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With its stunning beaches and surf breaks, the Illawarra is renowned for producing talented professional surfers. But for every young athlete that makes it on the competition circuit, countless others don’t – so it’s crucial to prepare for alternate futures.
Geoff Latimer is Director of the Talented Surfing Program at Illawarra Sports High School (ISHS), a designated specialist sports high school in southern Wollongong aiming to equip students to excel across academic, cultural and sporting pursuits. The ardent lifelong surfer – who grew up in the Scarborough Boardriders and Kiama, surfing in junior competitions throughout his teens – established the program in 2015, seeing a unique opportunity to give young local talent a shot at pro surfing while maintaining academic achievement and pathways to varied careers.
“The Illawarra is one of the strongest regions in surfing and produces so many pro surfers; it seemed mad not to look at it,” Latimer recalls.
“So I took some time researching it; I talked to Paul Charlton, who was then head of Surfing Illawarra, and to Mick Lowe and Sally Fitzgibbons, and they all jumped on board. I spent my second year here planning it out and then we got the program started.”
Since then, the Talented Surfing Program has graduated more than 20 students, balancing a focus on all the usual academic subjects – mathematics, English, science – with an elective unit in surfing. Sessions take place during allotted sports and elective times, with training consisting of fitness, skills, individual competition and heat simulation, and group training with some of the industry’s most respected names. While surfer development is focused on gearing students up to succeed on the professional circuit, Latimer says the primary goal is to create individualised pathways for each student to succeed: athletically, academically, and personally.
“It’s about creating a platform that enables them to stay on top of schoolwork, adjusting their timetables where needed to train and compete, so they have the structure and support to do well at both. We also look at pathways to further study and trades, and tap into our industry networks to connect students with employers that are happy to be flexible around competition.
“We’ve already had kids win Australian titles and qualify for international competitions, and that will only grow as the program progresses, but we’ve also helped a lot of kids go on to take up trades too. Their plan A might be to surf professionally, but by personalising their educational outcomes and future career paths, they can pursue that dream while still developing skills that give them other options if it doesn’t happen.”
Latimer is a mathematics teacher, and this still comprises the bulk of his teaching load. He came to education via a UOW Bachelor of Mathematics, graduating with a secondary major in finance. Intent on pursuing a career in the financial sector, he soon realised that meant moving away from his beloved Illawarra beaches or spending long hours commuting to an office, only able to surf on weekends. So, he enrolled in a Graduate Diploma of Education, uniting his affinity for maths with a love of teaching honed over successive summer holidays as a skiing instructor in Canada, and spent five years at Albion Park High School before a rare position came up at ISHS.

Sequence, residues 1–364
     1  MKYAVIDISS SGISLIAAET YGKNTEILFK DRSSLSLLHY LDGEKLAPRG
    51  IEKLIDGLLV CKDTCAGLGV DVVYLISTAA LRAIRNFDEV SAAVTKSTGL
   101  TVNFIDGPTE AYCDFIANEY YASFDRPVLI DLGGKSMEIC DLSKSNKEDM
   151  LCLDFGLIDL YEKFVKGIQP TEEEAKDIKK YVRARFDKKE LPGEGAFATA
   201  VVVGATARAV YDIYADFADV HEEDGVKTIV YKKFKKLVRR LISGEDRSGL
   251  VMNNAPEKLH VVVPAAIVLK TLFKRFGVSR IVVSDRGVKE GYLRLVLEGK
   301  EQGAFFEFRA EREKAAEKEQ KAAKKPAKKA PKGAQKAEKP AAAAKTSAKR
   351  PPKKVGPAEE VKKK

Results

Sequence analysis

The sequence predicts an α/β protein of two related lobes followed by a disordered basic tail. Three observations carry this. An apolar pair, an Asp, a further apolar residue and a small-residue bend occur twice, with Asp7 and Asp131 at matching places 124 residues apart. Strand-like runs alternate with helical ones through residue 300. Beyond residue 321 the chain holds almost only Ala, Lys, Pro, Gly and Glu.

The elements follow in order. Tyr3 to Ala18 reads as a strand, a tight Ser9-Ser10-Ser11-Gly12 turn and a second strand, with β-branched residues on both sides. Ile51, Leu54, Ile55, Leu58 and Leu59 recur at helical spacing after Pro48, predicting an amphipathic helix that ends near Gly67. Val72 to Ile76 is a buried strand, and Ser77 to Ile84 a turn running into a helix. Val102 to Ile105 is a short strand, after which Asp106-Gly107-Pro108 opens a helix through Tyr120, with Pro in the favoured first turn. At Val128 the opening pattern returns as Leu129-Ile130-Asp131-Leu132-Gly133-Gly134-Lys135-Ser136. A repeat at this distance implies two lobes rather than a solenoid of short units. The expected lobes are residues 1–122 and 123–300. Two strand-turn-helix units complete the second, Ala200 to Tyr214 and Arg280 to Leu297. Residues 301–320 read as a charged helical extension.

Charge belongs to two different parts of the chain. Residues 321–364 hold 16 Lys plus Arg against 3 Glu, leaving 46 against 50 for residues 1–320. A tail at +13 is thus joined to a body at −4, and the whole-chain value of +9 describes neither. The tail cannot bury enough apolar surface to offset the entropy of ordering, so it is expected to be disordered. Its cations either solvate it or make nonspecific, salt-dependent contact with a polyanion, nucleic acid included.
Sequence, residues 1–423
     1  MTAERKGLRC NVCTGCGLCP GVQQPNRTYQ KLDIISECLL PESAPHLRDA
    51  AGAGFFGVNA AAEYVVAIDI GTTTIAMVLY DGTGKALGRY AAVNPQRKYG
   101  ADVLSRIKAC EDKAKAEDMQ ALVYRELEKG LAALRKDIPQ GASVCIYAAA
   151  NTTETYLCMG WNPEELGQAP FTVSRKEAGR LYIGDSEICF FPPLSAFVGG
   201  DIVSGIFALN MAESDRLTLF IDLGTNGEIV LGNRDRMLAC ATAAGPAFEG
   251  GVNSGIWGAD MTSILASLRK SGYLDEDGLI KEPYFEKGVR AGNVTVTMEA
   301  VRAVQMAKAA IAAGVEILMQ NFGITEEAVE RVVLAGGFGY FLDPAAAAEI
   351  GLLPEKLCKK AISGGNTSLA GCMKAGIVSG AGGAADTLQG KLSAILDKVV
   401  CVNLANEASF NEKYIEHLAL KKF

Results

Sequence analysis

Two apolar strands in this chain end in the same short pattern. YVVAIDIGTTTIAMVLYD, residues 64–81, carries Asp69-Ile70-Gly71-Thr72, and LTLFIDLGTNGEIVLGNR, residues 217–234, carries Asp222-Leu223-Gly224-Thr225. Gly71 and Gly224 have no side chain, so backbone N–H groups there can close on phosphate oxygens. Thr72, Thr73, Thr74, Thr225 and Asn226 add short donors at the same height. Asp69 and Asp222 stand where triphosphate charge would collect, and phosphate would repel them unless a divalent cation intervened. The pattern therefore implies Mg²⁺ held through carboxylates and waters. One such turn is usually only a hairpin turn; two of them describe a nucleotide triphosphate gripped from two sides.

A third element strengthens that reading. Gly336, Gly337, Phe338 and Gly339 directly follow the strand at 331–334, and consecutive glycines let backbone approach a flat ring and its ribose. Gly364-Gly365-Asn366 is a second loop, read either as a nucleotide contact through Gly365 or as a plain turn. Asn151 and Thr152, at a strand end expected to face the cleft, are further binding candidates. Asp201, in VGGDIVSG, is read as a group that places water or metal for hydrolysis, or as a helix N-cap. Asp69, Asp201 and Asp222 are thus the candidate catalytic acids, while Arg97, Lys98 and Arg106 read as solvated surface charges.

It was through this role that Latimer provided the inspiration for UOW’s Surf Flex Lab, a revolutionary facility led by materials engineering expert Professor Marc in het Panhuis that is advancing surfing as a science.
“Many of my Year 10 Advanced Maths students were interested in engineering, so I organised work experience for a few of them with Marc, who I knew through our local Boardriders club. When I went to check on the kids they were 3D-printing objects, and I asked Marc, ‘would you be able to print surfboard fins or other surfboard parts?’ And that’s where it started.”
Professor in het Panhuis took the idea and ran with it. Today Surf Flex Lab is charting new territory in surf technology and innovation, with a focus on performance, materials and sustainability. Latimer is part of the lab’s 3D-printed fin project surfing team, helping trial and develop novel 3D-printed fins, and his ISHS students are benefiting too.
“A student I taught a few years ago is now doing his PhD at UOW around building actuators into surfboard fins; he, Marc, and I met up a couple of months ago to discuss ideas. It’s kind of full circle in that regard.”
Latimer’s deep and continuing connection with UOW extends beyond his links with Surf Flex Lab. He has also maintained close and productive ties with UOW’s maths faculty, working with Associate Professor Caz McPhail to embed more effective ways of teaching mathematics into schools.
“Caz has done a lot of fantastic research around using whiteboards as writable and non-permanent books, getting students to get up and write on them as a way to remove the fear of failure – similar to what you’d see in a movie, where they’d write formulas up on boards or glass,” he explains.
“It’s been great to explore this with her, and Illawarra Sports High was one of the first schools to build collaborative learning spaces in conjunction with her based on this work.”
To read more about UOW’s Surf Flex Lab and how you can support sustainable surfing, visit our Surf Flex Lab Fund webpage.